- Soul Mate Publishing
- Release Date
- February 2014
- Book 1 of Death's Disciple
Can an immortal-possessed assassin accustomed to dealing in death and deception lower her defenses enough to work with a disowned deckhand and an urban denizen? Will dropping her guard lead to heartbreak and betrayal?
Yaz wants to be human again. Or dead. She pretty much doesn't care which. Or didn't care, until she met Sloan. One thing she sure as hell doesn't want is to care for that freakin' deckhand and that weird-ass brat from the ghetto with the white stripe in his head. Torn between what she wants to do and what she needs to do, she's faced with choices. And consequences . . .
Sloan's more than a deckhand on a charter boat. He's on a mission, too. But damn if that sexy, cold-hearted bitch that throws knives wasn't effing it up all the time. What he can't figure out is why he's helping her and how to keep her from finding out his own deepest and darkest. He derails his mission, his plan, his life for Yaz . . .
G-Mail doesn't need much. Or so G thinks. Until meeting an assassin with the gift and skills G wants—the gift of immortality and the skill to kill. Can G trust the assassin when it's time to reveal an identity and a secret, or will the assassin join the pile of bones G-Mail leaves in the past?
What happens when three forces converge on the hot and humid Houston docks? What happens when they travel back in time to a parallel past?
Explicit sex–oh yes, and a bit of killing. Come on, it's a story about an assassin! And a hot guy.
This is a part of a series.
Mar 23, 2014 [ OFFICIAL REVIEW ]
70 people found the following review helpful
There should be a law against series. If it's a terrific book and readers can't wait to find out more about that world, then writers should have to get a permit to create sequels. The downside is that readers don't always get the entertainment package that Book 1 delivered. The upside is that readers might actually want to read Book 2. Or Book 20. Think about Harry Potter or Star Wars, for example. Their worlds were seductive, the characters compelling, the entertainment nonstop. But you finished the first episode with a completed story line. The Death Star was destroyed, Voldemort rebuffed. Luke and Harry are celebrated as heroes. Sure, there are hints of more to come, but the main lesson is that the episodes stand alone with a completed hero arc. I wish someone had given Stella Wilder this advice.
WHITE STRIPE, DARK DEEDS is the first book of Stella Wilder's Death's Disciple series. It introduces Yazmira, assassin and unwilling host (victim? symbiote?) of a force that gives her immortality in exchange for the souls of her targets. Despite a full-melt phobia about bodies of water, her current assignment calls for her to eliminate targets on a boat.
Her motivation and price for failure is the lives of her descendants. Her problem? Surveillance of the craft shows the presence of a wild card, a handsome deckhand named Sloan who isn't supposed to be there, but who is eerily familiar, oddly out of place, and impossibly attractive. Her attempts to fulfill her assignment without killing Sloan spiral out of control, threatening their lives and those of her descendants.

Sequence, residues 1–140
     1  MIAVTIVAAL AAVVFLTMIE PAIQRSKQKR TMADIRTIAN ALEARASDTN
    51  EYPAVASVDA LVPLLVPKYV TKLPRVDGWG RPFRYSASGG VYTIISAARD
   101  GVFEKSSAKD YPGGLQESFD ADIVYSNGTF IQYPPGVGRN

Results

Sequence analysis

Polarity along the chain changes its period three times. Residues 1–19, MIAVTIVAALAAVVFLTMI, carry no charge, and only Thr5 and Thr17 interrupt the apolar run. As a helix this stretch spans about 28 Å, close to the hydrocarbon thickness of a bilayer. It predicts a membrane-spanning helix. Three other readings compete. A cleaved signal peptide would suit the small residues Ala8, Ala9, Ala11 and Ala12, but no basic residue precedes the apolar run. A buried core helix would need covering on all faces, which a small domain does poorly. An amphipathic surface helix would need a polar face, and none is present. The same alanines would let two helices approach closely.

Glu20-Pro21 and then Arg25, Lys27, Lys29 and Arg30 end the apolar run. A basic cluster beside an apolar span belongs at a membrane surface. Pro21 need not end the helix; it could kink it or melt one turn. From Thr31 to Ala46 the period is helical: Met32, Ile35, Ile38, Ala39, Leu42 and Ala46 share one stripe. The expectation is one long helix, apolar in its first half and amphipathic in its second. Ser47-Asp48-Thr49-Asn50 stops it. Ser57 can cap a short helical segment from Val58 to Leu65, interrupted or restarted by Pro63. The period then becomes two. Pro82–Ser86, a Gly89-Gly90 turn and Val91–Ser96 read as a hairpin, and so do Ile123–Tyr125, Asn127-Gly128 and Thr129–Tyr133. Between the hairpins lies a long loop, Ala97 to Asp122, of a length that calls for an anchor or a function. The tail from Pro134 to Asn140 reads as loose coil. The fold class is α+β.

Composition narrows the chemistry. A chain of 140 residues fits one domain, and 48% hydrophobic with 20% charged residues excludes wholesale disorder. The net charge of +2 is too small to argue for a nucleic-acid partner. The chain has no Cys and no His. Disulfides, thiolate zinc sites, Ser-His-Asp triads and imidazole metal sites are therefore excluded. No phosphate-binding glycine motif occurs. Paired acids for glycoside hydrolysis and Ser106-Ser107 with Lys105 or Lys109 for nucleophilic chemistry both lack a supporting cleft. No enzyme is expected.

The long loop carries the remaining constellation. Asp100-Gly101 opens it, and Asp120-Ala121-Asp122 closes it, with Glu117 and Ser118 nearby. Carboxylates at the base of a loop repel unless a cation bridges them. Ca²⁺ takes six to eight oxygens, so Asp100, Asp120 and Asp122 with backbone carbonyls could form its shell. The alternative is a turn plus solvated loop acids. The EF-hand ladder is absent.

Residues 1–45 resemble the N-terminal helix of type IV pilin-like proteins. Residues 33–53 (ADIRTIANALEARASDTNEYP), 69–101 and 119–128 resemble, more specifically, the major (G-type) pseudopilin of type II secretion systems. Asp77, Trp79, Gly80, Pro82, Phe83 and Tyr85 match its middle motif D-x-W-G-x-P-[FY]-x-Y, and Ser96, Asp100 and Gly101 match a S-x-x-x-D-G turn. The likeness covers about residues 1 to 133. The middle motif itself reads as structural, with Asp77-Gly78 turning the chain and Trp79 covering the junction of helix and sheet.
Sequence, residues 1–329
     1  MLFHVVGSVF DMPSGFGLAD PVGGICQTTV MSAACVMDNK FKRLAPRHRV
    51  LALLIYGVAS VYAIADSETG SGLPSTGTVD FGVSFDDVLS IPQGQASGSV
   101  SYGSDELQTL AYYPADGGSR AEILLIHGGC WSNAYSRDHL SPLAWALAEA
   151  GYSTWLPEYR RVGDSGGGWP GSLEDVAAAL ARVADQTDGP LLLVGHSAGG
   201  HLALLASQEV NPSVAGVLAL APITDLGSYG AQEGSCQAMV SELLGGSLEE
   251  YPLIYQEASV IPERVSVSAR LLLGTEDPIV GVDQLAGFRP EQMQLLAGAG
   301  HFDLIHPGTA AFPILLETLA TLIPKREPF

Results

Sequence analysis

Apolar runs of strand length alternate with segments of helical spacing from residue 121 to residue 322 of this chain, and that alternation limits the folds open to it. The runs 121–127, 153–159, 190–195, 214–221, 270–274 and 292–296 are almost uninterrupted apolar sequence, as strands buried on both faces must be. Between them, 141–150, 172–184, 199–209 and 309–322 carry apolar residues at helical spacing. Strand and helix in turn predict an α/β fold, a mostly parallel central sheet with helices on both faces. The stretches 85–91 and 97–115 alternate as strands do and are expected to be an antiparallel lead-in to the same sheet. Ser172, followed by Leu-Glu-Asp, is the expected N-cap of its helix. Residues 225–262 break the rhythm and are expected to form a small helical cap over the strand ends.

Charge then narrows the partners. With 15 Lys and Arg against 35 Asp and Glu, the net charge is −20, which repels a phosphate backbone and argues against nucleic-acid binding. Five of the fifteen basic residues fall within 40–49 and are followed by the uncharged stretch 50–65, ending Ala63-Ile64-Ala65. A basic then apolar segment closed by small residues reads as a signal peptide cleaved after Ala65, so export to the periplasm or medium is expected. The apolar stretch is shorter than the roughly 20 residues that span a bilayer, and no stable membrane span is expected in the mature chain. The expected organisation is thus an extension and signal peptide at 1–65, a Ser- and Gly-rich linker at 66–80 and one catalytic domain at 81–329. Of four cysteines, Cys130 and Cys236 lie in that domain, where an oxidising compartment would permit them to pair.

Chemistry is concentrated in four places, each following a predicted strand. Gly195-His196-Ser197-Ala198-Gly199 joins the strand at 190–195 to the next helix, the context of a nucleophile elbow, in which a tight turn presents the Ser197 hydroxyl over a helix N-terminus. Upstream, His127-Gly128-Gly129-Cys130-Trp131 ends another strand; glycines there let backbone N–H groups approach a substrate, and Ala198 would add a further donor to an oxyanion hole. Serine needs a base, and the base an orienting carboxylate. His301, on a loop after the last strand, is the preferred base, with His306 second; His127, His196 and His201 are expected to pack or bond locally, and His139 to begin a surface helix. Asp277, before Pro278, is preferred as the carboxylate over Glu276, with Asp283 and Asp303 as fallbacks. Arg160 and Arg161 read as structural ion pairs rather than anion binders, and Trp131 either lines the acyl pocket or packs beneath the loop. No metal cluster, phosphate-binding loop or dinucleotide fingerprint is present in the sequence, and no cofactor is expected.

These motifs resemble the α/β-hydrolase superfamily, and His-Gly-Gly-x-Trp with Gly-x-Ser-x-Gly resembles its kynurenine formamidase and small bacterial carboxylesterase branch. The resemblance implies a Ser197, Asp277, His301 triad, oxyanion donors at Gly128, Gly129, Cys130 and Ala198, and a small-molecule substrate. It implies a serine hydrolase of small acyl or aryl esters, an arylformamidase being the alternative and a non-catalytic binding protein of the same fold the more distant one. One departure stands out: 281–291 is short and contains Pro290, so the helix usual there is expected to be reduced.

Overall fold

With no other options, she turns to Sloan for help. He takes her to G-Mail, an enigmatic , damaged inner city teen with a surprising gift, a disturbing secret, and a misplaced desire for Yaz's immortality and killing ability. Yaz fights an attraction to Sloan that could mean his death, fights to get information about her forgotten past and the parasite she carries, and fights the abusive lover who has controlled her for eons.
WHITE STRIPE, DARK DEEDS has an incredibly compelling beginning. "Five days," she keeps repeating, the pattern establishing the gritty setting, Yaz's character, and her goals. The action is nonstop, the tension builds beautifully, and Yaz emerges as my favorite kind of kickass. I raced through the first half of the book, convinced this was going to be one I couldn't put down. The hit proceeds and we find out what Yaz and her parasite are capable of. We meet her abusive handler/lover, we see the first hot but abortive expressions of the attraction between Yaz and Sloan.
And then... Well, unfortunately, that's where it seemed to me that the author lifts up her writing hand and says, "Oh, wait. I need to keep some secrets for the next book. So I'm not going to tell the reader WTF is going on, or why, or what it means." It's like listening to a book report in elementary school. "And if you want to know how the story ends, you'll need to read the sequel."
For me, the rest of the book was an exercise in NOT telling the reader what happens. There are no actual victories, nothing is explained, and nobody achieves any satisfaction. Okay, there is a nice hot sex scene, so I suppose there is at least a momentary satisfaction. But without any resolution, even a happy-for-now, I feel like I watched a show that I didn't even like end in a cliffhanger that I don't care too much about. I'm giving WHITE STRIPE, DARK DEEDS three stars. And that's the real tragedy, because Stella Wilder's writing is flat-out better than that.
When I was an executive, I used to tell my staff that the big goals and projects aren't always enough to keep people enthusiastic on the day-to-day. So we would celebrate the interim victories, the heroes of the happy-for-now achievements. Hopefully, there's still time for Stella Wilder to put in some answers, resolve some problems, and celebrate some victories in Book 2 of the Death's Disciple series. Then she could stand back and let her readers clamor for more volumes instead of having them thrust down their throats. For someone who writes as well as Stella Wilder, it should be a piece of cake.
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